> rotors, pads), do I 
> need to bleed all four brakes when completed, or
> just the fronts?




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Message: 3
Date: Fri, 01 Jul 2005 07:42:30 -0400
From: "Dave Sontos" <dsontos_at_dml_verizon.net>
Subject: RE: Door Alignment Issues

You may also have to adjust the pins fore and aft. Some times the pins are
adjusted too far forward and actually are hitting the door or are too far
rearward and the end of the pin is hitting the latch. 

Check the position of where the latch is striking the latch by putting some
grease on the pin and closing the door. You should be able to see where the
latch hit the pin in the grease when you open the door up.

My passenger door pin was too far forward and hit the door. I had to drill
through the plastic shell to the metal door pillar to get the adjusting pin
back far enough.

Dave Sontos
Vin 02573

-----Original Message-----
From: dmcnews_at_dml_yahoogroups.com [mailto:dmcnews_at_dml_yahoogroups.com] On Behalf Of
Todd Nelson
Sent: Thursday, June 30, 2005 8:23 PM
To: DMC-News
Subject: [DML] Door Alignment Issues

List:

I'm in the process of aligning my striker pins so the doors close easier
without as much "clunking".  So far I have adjusted the drivers side well, I
can close the door with one finger and it latches front and back and locks
fine.  The passenger side is a slightly different story however, I have been
adjusting the pins and cannot seem to get it to close as well as the drivers
side.  It will close but takes some more force and you can definitely feel
the pins bumping the door as it closes.  I have tried removing one pin so I
only have to align one at a time, but the pins just will not move far enough
for a proper alignment.  Does it sound like I have to adjust my hinges?
That seems like it would have a huge impact on the way the way the door
closes so I have held off on that.  Let me know what you think.






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Message: 4
Date: Fri, 01 Jul 2005 11:27:22 -0000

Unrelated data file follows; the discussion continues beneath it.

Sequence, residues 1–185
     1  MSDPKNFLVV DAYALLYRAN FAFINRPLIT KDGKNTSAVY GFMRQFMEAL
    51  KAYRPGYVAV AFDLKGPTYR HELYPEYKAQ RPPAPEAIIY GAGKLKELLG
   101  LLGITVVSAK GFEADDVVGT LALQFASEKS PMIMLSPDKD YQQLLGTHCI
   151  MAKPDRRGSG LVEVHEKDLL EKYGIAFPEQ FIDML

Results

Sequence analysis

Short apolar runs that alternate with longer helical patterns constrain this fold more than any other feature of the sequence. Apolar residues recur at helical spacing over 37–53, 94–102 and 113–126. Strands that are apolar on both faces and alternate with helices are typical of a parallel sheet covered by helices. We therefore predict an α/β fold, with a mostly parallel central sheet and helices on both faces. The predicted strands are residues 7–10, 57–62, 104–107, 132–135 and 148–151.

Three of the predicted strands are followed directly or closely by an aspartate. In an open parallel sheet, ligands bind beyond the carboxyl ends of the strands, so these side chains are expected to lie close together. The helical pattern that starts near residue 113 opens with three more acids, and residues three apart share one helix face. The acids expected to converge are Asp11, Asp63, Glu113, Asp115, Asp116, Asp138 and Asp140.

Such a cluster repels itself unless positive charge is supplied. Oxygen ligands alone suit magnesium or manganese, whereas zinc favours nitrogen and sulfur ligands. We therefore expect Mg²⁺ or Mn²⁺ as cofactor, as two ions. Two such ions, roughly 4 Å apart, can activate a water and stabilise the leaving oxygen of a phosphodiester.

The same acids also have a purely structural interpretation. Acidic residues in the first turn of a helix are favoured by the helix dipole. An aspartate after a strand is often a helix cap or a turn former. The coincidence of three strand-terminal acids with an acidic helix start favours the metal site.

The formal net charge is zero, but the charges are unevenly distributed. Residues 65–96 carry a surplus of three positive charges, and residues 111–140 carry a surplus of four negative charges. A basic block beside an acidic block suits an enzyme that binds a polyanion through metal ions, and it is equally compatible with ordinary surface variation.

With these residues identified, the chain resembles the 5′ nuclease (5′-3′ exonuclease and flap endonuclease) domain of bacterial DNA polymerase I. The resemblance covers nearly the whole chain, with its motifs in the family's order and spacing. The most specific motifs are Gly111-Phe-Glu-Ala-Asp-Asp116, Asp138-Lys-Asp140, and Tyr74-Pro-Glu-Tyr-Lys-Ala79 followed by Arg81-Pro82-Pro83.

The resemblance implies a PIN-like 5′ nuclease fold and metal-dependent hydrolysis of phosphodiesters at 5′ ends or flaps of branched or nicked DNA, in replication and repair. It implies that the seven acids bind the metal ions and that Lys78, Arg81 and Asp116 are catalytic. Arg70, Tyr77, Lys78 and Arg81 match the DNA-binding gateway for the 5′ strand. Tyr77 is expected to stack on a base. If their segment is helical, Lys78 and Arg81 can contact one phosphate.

From: "Mike Bosworth" <mike.bosworth_at_dml_btinternet.com>
Subject: Re: Front Shock Bushings....

Joe

>From one of our DOC UK committee members :)... i would ask for his 
advice but he is away at the mo.. they are def NOS ones thou:)

Regards

Mike
#2001 /UK

--- In dmcnews_at_dml_yahoogroups.com, "Joe OBrien" <joeyoseppijoe_at_dml_y...> 
wrote:
> What vendor did you buy them from?
> 
> 
> Joe OBrien
> 
> 
> 
> 
> 
> --- In dmcnews_at_dml_yahoogroups.com, "Mike Bosworth" 
<mike.bosworth_at_dml_b...> 
> wrote:
> > Hi All 
> > 
> > After replacing my front shocks with a pair of NOS ones, i note 
> that 
> > on my new ones that the 'brass' ? bushing that came fitted to 
them 
> > and goes through the bottom of the shock , is shorter than the 
old 
> > ones that came off , on my car there was no additional bushings---
 In dmcnews_at_dml_yahoogroups.com, "Joe OBrien" <joeyoseppijoe_at_dml_y...> wrote:
> What vendor did you buy them from?
> 
> 
> Joe OBrien






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Message: 5
Date: Fri, 01 Jul 2005 12:28:48 -0000
From: "gullwingmag" <gullwing-magazine_at_dml_sbcglobal.net>
Subject: Re: Stock DeLorean Wheel Offset, Dimensions, and Weight.

Ben

Looks like you really did your homework!  When we wrote our story on 
custom wheels in Vol 2 Issue 1, we did a lot of research on wheel 
sizes that would work on the D.  What we found is that while the 
stock dimensions give you a place to start, getting something 
anywhere close to DeLorean wheel sizes is really a longshot.  Most of 
the custom setups we illustrated that are being used are upsized to 
(15, 16) or (16, 17) or (18, 19).  Offsets are a big issue on custom 
wheels.  The front isnt usally a problem if the car has not been 
lowered.  The back usually will require a spacer or adapter.  
DeLorean Parts Northwest offers custom adapters that will solve your 
offset problems.

Grab a copy of the issue with Matt Olans car on the cover and check 
out the info.

Ron
gullwingmagazine.com

--- In dmcnews_at_dml_yahoogroups.com, "captain_hydrogen" 
<captainhydrogen_at_dml_c...> wrote:
> Stock DeLorean Wheel Offset, Dimensions, and Weight.
> 
> I recently had my DeLorean's wheels stripped and powder coated and 
I 
> figured that while they were off the car and without tires I would 
> gather some information for the purpose of sharing with my fellow 
> DeLorean owners.  In the AZ-D club there are some owners who just 
> want to know more about their cars while others want to consider 
> aftermarket wheels.  Chances are that if you are reading this, you 
> fit into one of those two groups.







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Message: 6
Date: Fri, 01 Jul 2005 13:09:02 -0000
From: "Dave Swingle" <swingle_at_dml_dmcnews.com>
Subject: Re: Front Shock Bushings....

There are two styles of OEM shocks, some with wide bushings and some 
with narrow. I bought a set from DMCH a Long time ago (maybe 1998?) 
and they supplied some spacers to make the "short" style fit in the 
lower arm. You do not want to install them without some sort of